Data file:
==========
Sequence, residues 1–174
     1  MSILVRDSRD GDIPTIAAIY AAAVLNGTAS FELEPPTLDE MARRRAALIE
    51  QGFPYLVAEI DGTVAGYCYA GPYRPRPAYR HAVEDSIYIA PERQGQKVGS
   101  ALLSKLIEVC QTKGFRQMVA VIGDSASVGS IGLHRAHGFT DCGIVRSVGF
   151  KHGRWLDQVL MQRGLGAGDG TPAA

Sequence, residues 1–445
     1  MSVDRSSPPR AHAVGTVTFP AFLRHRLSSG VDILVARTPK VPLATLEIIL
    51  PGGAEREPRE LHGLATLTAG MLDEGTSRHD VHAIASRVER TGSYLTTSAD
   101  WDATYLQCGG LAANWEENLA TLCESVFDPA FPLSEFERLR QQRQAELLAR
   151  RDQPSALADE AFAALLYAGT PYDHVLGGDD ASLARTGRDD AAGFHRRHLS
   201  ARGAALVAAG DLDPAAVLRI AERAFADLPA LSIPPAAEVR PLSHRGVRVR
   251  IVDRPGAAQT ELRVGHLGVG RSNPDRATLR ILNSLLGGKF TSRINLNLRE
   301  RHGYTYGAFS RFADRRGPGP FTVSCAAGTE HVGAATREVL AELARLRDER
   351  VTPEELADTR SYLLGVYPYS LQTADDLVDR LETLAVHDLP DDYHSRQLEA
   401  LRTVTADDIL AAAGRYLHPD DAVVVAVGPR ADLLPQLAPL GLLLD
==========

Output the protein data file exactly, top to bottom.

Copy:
Sequence, residues 1–174
     1  MSILVRDSRD GDIPTIAAIY AAAVLNGTAS FELEPPTLDE MARRRAALIE
    51  QGFPYLVAEI DGTVAGYCYA GPYRPRPAYR HAVEDSIYIA PERQGQKVGS
   101  ALLSKLIEVC QTKGFRQMVA VIGDSASVGS IGLHRAHGFT DCGIVRSVGF
   151  KHGRWLDQVL MQRGLGAGDG TPAA

Sequence, residues 1–445
     1  MSVDRSSPPR AHAVGTVTFP AFLRHRLSSG VDILVARTPK VPLATLEIIL
    51  PGGAEREPRE LHGLATLTAG MLDEGTSRHD VHAIASRVER TGSYLTTSAD
   101  WDATYLQCGG LAANWEENLA TLCESVFDPA FPLSEFERLR QQRQAELLAR
   151  RDQPSALADE AFAALLYAGT PYDHVLGGDD ASLARTGRDD AAGFHRRHLS
   201  ARGAALVAAG DLDPAAVLRI AERAFADLPA LSIPPAAEVR PLSHRGVRVR
   251  IVDRPGAAQT ELRVGHLGVG RSNPDRATLR ILNSLLGGKF TSRINLNLRE
   301  RHGYTYGAFS RFADRRGPGP FTVSCAAGTE HVGAATREVL AELARLRDER
   351  VTPEELADTR SYLLGVYPYS LQTADDLVDR LETLAVHDLP DDYHSRQLEA
   401  LRTVTADDIL AAAGRYLHPD DAVVVAVGPR ADLLPQLAPL GLLLD